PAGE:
Kingdoms of Amalur: Reckoning

Kingdoms of Amalur certainly has an impressive pedigree. The talents of Oblivion lead designer Ken Rolston, bestselling author R.A. Salvatore and Spawn creator Todd McFarlane have married together to father this ambitious RPG. The talents involved suggest awesome game design, innovative mechanics and a stellar storyline but unfortunately despite Amalur not really failing in any of these aspects the game is far from perfect.

Amalur plays as sort of hybrid of various well known games. Combat and design are reminiscent of the Fable series, game mechanics such as stealth, lock picking and pickpocketing demand comparisons to the Elder Scrolls games. The story, for all its high points, can ultimately be summed up as another ‘unique character vs. the world' along the lines of Dragon Age or Skyrim.

The game opens with your custom designed character dead and their body being dumped in a pit. Fortunately for players who have just devoted a significant amount of time in creating their character this death turns out to be only temporary as the place you are dumped, predictably called ‘The Well of Souls', feeds your corpse all it needs for a timely return to the land of the living. The well is quickly destroyed and with it all its secrets, your saviour and reanimator rapidly exits the story and you find yourself alone in a huge world where being the first person to have ever been resurrected means the rules of fate don't apply to you, something that makes you admired and feared in equal measures.

To its credit Amalur has everything any RPG player wants in abundance. Character customization is deep and incorporates traits as well as appearance, quests are plentiful and lengthy, experience earned is traded for new and powerful abilities. Overall there's probably more than 80hours of questing available, unfortunately after just a few hours it becomes apparent that the quests aren't very varied and after you've finished one lengthy fetch quest being sent on another is just a drag. The factions should give a certain variety however more often than not they are just the same thing in different packaging, take the thief faction for instance, I completed it without ever sneaking or levelling up a single stealth attribute. After finding them quests are accessed easily enough through the quest log which will kindly paint a new blob on your mini map to chase although this does detract from the impressive game design as the player is constantly drawn to the mini-map and not the landscapes.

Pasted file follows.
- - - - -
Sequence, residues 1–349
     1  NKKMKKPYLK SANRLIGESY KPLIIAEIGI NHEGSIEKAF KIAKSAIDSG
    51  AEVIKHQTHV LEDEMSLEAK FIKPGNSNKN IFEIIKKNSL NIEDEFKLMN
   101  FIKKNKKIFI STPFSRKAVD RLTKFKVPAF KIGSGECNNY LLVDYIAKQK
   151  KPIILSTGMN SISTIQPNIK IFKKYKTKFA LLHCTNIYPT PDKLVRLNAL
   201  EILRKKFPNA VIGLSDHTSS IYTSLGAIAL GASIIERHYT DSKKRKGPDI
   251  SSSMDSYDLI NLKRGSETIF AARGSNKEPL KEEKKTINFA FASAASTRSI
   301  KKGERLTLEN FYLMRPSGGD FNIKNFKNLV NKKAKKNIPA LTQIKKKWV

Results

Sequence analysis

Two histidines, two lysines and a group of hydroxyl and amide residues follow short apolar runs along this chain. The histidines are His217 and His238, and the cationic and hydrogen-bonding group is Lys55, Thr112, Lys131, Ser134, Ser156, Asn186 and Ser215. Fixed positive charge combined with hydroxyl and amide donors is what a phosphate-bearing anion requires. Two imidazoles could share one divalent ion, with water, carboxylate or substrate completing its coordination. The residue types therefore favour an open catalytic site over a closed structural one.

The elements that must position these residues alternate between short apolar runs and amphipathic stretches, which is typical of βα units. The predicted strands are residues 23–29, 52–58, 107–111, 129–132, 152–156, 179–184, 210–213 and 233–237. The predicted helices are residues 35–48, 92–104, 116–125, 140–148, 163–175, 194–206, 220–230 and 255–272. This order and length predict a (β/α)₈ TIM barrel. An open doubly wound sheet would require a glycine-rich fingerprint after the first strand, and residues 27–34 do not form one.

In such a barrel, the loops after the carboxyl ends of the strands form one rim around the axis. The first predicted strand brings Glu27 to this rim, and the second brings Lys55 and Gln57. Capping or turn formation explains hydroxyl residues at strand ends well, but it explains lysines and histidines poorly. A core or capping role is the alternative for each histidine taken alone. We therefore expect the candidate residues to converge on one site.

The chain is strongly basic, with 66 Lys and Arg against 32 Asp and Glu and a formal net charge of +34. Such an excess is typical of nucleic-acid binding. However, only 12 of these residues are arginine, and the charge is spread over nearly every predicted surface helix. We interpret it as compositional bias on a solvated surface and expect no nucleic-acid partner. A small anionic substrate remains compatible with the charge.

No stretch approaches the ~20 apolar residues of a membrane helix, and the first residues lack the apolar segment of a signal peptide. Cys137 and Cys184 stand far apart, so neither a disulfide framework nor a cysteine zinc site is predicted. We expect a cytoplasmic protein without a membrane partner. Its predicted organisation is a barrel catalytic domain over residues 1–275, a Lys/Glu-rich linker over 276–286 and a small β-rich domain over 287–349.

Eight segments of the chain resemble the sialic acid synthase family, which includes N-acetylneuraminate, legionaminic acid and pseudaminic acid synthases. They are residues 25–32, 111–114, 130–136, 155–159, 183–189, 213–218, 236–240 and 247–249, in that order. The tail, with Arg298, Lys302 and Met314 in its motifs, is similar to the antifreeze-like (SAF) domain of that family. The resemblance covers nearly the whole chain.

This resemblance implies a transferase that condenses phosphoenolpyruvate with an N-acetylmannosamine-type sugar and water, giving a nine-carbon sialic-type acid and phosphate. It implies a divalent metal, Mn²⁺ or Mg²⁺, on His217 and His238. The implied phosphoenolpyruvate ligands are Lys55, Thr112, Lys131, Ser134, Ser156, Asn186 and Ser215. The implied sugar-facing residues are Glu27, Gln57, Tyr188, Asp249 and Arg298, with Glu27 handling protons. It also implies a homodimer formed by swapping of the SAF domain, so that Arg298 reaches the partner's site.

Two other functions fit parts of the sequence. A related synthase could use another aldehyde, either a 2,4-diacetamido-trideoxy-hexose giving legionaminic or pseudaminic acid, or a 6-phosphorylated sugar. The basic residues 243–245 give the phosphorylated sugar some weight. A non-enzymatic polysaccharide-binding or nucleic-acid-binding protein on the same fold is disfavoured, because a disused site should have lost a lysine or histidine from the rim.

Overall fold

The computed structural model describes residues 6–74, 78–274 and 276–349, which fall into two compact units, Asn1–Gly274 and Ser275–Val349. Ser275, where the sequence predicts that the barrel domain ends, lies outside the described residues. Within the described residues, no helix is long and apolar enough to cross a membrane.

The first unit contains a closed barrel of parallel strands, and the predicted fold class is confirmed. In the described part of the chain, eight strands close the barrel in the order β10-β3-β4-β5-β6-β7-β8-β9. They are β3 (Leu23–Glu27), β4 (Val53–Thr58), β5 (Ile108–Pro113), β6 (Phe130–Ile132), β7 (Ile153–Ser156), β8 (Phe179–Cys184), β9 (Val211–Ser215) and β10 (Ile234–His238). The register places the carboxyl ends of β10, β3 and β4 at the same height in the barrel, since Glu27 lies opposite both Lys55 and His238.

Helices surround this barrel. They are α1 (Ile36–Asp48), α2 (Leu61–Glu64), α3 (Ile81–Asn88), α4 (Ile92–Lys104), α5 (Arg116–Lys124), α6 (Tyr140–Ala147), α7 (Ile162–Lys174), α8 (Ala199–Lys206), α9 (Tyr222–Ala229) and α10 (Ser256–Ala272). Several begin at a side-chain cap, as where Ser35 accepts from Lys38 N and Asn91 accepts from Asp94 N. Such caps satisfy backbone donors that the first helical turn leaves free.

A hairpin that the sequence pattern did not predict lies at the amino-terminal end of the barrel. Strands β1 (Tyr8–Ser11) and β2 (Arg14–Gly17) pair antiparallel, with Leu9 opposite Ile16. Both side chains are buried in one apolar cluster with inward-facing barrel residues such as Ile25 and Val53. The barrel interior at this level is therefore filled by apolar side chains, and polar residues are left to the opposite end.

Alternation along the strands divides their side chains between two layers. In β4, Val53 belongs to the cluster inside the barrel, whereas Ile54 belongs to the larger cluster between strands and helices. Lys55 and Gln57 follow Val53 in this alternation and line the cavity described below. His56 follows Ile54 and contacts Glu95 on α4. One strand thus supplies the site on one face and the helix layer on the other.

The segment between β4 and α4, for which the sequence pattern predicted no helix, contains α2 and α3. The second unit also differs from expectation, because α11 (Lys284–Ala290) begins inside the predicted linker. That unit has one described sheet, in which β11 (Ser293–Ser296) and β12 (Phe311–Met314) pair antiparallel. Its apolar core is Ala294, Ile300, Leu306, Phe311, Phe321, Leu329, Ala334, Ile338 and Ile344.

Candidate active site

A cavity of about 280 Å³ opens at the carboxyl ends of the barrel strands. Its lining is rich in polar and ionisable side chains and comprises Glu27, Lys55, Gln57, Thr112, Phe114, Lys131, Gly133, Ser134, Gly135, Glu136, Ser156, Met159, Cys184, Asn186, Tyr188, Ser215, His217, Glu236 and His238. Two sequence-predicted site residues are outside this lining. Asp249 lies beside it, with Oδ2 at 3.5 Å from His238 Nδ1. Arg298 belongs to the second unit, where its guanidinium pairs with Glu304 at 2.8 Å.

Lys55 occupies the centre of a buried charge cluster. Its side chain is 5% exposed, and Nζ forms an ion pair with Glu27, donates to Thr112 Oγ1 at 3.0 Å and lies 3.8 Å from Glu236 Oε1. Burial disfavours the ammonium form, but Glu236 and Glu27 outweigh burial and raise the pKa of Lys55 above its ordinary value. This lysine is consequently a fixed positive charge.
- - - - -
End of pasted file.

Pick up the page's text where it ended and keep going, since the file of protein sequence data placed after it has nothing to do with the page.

The design of Amalur is a point in its favour. Wherever you look the lively and varied scenery catches the eye, a welcome change from the browns and greys that plague many games. The world is made of forests, plains, deserts and swampland and each area has a very distinct feel. The interior settings are packed with intricate arches, stunning stone work and vibrant stained-glass windows which can be breath-taking. It's just a shame the in-game camera doesn't help you notice any of this. Its awkward to control at the best of times, the best I can describe it is that they got the x and y axis confused and somehow created w, this is off putting enough to make you use it as little as possible, couple that with the default cameras propensity to focus downward at the floor and suddenly a lot of the game world disappears. Too often the player feels detached from the environment rather than a part of it which is a shame because a lot of thought and effort clearly went into creating it.

Some circles have praised Amalur's voice acing. I am not among them. While I accept the sheer amount of voiced characters and unique dialogue is impressive it is delivered in a lifeless and wooden way by even some of the most important NPC's that make it easy for the player to skip large sections without really feeling they have missed anything. Not a single character is intriguing enough to warrant caring about despite the rushed endgame that tries to make you give a damn. As a direct result it is difficult to care much about the decisions you make after all most of the world is scared of you, wants to use you or wants to kill you, why care about any of them?

The games saving grace is its combat, comparisons to Fable are just but not entirely fair. Like Fable combat consists of three buttons, one for primary attacks, one for secondary and one for magic where it differs is in the impressive amount of customization available to the player for combat situations. Perhaps you will prefer a bow and daggers combination, or how about chakrams and magic sceptres? From great swords to staffs almost all fantasy weaponry is available and thanks to the ease at which you can change your ‘fate' it is easy to experiment with all the possible combinations to find one that suits you. Personally I favoured chakrams for their awe-inspiring animations and responsive nature. Each weapon has its own part in the skill tree and each new ability unlocked grants a new way to enjoy slaying the many foes you fight. It's simple, its deep and its very satisfying.

Overall, I did enjoy Amalur; it was a fun distraction with some good, if not fully fleshed out ideas. Despite being fun to play, largely thanks to the combat system, there is very little that is truly great or unique. I was never as drawn in as I felt the game expected me to be and after putting it down wasn't particularly interested enough to come back to it. RPG fans should definitely give it a go but for gamers looking to be blown away I recommend looking elsewhere.

Average score: 7/10